Celebrating Employee Excellence, KISD Announces April STEEL Awards 2024

Ellison police officer earns April STEELWillow Springs Elementary School third-grade teacher Alisha Kruttlin and Ellison High School police officer Dawin Vazquez are Killeen ISD STEEL Award winners for the month of April.


Kruttlin has been teaching 19 years, 16 in KISD and Vazquez is in his ninth year as a law enforcement officer and fourth year in KISD.


The STEEL Award goes to two KISD employees each month of the school year. It is an acronym that means Supporting the Education and Empowerment of Learners.


Willow Springs teacher Alisha Kruttlin

Now close to 20 years in education, Kruttlin recalls her childhood years playing school with her sister in the style of Little House on the Prairie.


As a child, she admired her own teachers, who always seemed so organized, kind, professional and smart. She wanted to be like them.


Kruttlin began her career in the military, serving 13 years in the Air Force, the Army and the National Guard, earning a college degree along the way and eventually entering the teaching field.


The longtime teacher sees her profession as profound and multi-faceted but simple at its heart.


It’s about caring for students, giving them the best chance of success, keeping them safe, serving as a role model and what she calls elevating their thinking.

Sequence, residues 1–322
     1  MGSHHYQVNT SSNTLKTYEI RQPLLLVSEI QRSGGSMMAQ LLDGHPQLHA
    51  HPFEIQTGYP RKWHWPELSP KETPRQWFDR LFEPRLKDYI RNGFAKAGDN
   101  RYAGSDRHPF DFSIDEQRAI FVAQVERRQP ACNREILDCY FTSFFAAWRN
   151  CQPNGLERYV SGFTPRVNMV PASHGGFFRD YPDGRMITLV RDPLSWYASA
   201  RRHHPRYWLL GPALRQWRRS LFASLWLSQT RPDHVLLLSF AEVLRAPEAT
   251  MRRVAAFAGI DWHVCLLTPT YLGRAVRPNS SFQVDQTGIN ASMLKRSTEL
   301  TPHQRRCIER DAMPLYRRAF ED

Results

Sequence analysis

Kruttlin is determined to teach every child in her care to prepare them for what’s ahead.


“I love to see the development of these young minds,” she said. “I want to keep inspiring them and hope they are able to hold on to dreams and they can come true someday.”

Alisha Kruttlin earns STEEL Award

Police officer Dawin Vazquez honored


Her students receive a wide variety of instruction, including typing on keyboards, reading and writing and science experiments that incorporates such items as bubbles and clay.


She also is intentional about building relationships with students and is mindful of the stress and anxiety of life.


“It’s not just a job,” said Kruttlin. “You can’t come in thinking it’s just a job. You really have to connect with the kids.”


The best part of teaching, she said, is knowing you can help students through the obstacles they face.


Ellison High School police officer Dawin Vazquez

Vazquez worked four years as a Bell County deputy before moving over to KISD as a police officer five years ago.


He patrolled across several schools before this year taking on the lead position at Ellison High School.


Vazquez said he loves interacting with students and staff members at the large high school. His days are largely talking with whoever needs assistance or advice or guidance in the right direction.


The officer sees himself as a positive mentor working proactively to keep students from winding up like the people he picked up as a county deputy.


When he has time, he makes his way to the baseball field to play catch.


“I wanted to make a difference,” said Vazquez, explaining that he saw the need juvenile offenders had for positive mentors.


“At the school, you wear many hats. You are a police officer. You are a mentor. You are a counselor. It goes on and on.”


The officer said he feels well-placed to help students understand why they get in trouble and how to make better choices.


“You will see me talking and joking with kids,” he said. “You see me giving me high fives. I like to go to the baseball field and throw a baseball.”


Vazquez helped to develop the Blue Elf program two years ago. KISD police officers manage a toy drive leading into the holidays to help families in need.


“I was surprised,” he said of earning a STEEL Award. “I like to work behind the scenes. You don’t do anything by yourself. Being nominated, it was an honor.”